LEAD PHOTO: Erik Lindgren for Key Models
The last two weeks have been hectic for me with little or no hobby time. My wife has endured major surgery successfully. Life is starting to get back to some routine. The work I am presenting tonight was done the beginning of last week.
Two areas were worked on. I installed the plumbing and brake rigging. In addition, I completed adding rivets using the Archer decal product. The interconnecting pipes were formed from .020″ wire. The levers were made from brass except for the dead lever ( on the right side). The rodding was attached to the levers with San Juan Car Company clevises. There is a second lever on the left. It ties the hand brakes on each platform to the brake system.
I still have to add the branch pipe connecting the trainline to the valve.
Moving onto the rivet detailing.
As I said earlier, the rivets came from Arc
her. I used the 7/8″ size on the top plate of the crossbearer. The 5/8″ size was used on the steel toolbox. The rivets are applied like any wet decal. Archer uses Microscale clear decal paper. I used Microscale decal solvent to set the strips on the car parts. I sealed the rivets with a light spray of Tamiya Super Fine Primer (comes in rattle can).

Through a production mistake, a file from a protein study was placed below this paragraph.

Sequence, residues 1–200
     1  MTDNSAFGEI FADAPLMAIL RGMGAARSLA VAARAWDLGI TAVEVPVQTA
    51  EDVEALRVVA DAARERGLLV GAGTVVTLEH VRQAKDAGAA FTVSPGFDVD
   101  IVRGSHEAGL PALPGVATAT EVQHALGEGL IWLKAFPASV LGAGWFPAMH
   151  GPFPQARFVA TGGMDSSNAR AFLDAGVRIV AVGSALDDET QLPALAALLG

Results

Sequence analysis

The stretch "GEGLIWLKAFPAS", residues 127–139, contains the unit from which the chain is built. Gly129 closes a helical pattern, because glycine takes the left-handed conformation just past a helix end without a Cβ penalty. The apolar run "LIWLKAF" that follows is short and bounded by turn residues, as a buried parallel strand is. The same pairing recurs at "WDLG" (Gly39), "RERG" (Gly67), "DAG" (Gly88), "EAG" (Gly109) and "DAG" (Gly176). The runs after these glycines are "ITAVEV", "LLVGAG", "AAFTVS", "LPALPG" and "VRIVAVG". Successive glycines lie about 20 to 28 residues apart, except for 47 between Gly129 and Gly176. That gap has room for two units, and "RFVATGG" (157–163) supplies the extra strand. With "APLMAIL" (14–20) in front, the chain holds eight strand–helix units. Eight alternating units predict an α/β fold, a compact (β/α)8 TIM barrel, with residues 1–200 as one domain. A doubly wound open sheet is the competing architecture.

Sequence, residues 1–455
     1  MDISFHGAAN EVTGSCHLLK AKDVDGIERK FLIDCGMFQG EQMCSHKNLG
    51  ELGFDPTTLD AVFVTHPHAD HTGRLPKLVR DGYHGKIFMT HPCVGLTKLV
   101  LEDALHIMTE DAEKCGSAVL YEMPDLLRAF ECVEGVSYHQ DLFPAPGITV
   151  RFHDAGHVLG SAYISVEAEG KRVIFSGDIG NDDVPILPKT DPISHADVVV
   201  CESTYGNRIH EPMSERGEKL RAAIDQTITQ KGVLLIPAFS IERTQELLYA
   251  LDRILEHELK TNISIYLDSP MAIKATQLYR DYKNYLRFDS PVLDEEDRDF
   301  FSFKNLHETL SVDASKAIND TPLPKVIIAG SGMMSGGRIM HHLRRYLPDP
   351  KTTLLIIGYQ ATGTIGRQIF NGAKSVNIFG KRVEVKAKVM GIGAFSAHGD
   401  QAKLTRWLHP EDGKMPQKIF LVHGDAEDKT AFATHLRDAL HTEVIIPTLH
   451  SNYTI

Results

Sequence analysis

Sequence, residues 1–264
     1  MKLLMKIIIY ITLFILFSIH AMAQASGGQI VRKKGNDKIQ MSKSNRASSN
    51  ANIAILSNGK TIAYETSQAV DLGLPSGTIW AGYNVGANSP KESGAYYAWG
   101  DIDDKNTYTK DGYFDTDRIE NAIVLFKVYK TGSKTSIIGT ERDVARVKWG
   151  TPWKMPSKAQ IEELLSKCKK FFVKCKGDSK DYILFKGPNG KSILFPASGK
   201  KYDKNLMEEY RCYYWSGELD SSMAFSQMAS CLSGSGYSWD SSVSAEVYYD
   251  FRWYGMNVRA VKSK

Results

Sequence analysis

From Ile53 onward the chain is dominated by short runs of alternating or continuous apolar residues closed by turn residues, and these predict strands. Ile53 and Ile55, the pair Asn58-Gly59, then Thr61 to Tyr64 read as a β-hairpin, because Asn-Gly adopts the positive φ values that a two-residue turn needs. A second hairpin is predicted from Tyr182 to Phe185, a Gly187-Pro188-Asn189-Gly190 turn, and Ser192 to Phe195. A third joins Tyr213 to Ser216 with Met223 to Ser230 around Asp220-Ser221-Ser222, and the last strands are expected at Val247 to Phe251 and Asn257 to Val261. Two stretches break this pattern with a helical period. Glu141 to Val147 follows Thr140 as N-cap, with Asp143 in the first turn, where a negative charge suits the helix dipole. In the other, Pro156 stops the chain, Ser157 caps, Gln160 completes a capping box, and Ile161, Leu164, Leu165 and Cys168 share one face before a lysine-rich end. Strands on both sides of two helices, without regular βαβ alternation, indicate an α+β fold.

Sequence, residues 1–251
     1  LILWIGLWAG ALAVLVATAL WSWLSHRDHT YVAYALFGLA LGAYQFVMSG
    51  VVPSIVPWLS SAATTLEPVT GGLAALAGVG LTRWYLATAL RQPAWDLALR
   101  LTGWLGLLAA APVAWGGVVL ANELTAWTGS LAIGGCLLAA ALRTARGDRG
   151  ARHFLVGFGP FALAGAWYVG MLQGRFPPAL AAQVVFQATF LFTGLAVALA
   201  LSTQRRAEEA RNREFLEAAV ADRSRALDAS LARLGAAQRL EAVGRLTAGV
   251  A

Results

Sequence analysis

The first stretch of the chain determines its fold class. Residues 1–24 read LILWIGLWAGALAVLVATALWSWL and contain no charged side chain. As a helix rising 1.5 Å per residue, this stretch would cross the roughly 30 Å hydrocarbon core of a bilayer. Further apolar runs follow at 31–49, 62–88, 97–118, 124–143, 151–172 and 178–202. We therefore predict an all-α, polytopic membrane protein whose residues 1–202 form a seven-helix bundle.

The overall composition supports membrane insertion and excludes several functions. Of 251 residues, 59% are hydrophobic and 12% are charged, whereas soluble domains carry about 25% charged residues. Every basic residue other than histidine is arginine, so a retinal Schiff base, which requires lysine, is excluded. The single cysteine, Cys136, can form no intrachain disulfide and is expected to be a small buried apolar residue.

I received the following images from Paul Washburn. Paul is a superb modeler who works in S Scale. He is building a ATSF 3129 class Mikado. There low driver locomotives showed up in Southern California and other parts of the Santa Fe empire. The tender was formed from styrene. The trucks were cast in urethane after Paul built an excellent pattern of the Commonwealth truck. This is not the first locomotive and tender that Paul has used the rivet decals on. He built a 1950 class ATSF Consolidation using styrene and Archer rivets.
Consider the possibilities you can create with products like Archer. Sit down and try your hand at building something.